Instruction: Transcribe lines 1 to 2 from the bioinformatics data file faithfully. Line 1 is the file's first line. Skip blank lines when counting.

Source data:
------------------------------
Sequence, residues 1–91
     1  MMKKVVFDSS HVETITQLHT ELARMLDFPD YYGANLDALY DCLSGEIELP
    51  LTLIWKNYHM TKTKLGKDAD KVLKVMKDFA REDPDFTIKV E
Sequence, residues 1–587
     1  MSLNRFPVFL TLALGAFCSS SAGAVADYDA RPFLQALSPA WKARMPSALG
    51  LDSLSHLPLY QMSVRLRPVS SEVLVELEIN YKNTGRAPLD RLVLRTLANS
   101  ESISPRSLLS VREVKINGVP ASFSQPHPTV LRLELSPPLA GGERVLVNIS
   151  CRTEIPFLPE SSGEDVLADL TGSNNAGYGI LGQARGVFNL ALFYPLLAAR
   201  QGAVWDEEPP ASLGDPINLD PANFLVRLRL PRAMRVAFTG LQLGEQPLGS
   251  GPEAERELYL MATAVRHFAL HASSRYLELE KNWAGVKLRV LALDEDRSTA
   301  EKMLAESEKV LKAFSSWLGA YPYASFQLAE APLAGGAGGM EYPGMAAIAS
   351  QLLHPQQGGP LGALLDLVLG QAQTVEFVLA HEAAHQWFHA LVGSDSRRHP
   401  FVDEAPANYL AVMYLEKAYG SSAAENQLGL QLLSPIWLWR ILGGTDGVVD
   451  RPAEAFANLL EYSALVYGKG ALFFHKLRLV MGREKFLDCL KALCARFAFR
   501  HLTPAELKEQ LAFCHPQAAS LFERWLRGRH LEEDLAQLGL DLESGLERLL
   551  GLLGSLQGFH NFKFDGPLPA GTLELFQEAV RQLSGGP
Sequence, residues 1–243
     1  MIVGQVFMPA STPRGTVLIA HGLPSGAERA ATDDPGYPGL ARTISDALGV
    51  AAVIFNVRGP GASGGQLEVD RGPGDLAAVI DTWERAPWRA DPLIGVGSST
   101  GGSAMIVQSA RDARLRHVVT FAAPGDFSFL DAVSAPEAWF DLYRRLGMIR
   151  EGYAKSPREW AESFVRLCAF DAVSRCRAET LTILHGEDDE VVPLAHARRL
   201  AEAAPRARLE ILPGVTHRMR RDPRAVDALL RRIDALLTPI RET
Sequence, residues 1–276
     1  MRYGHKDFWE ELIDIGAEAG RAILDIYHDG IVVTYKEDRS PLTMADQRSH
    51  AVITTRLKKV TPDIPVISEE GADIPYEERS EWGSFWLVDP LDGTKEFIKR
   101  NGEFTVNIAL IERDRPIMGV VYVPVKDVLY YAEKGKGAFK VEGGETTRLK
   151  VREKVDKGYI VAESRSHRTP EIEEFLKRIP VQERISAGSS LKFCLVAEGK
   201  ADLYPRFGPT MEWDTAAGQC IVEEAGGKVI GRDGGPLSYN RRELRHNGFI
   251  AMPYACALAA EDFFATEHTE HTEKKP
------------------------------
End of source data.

Sequence, residues 1–91
     1  MMKKVVFDSS HVETITQLHT ELARMLDFPD YYGANLDALY DCLSGEIELP